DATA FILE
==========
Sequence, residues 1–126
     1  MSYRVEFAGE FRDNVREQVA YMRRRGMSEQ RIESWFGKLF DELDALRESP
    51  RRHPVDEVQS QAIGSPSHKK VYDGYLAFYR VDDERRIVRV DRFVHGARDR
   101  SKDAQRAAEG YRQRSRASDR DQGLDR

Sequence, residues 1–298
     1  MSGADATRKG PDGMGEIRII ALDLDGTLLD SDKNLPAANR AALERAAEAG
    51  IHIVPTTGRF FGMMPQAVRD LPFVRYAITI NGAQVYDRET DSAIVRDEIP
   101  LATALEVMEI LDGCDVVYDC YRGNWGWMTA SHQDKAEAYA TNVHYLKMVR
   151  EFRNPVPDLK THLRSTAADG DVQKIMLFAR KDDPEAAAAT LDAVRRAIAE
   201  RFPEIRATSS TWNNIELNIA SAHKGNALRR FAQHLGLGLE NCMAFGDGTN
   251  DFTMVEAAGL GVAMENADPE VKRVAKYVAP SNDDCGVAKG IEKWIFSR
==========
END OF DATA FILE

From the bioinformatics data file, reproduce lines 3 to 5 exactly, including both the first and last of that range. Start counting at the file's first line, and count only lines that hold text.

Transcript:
    51  RRHPVDEVQS QAIGSPSHKK VYDGYLAFYR VDDERRIVRV DRFVHGARDR
   101  SKDAQRAAEG YRQRSRASDR DQGLDR

Sequence, residues 1–298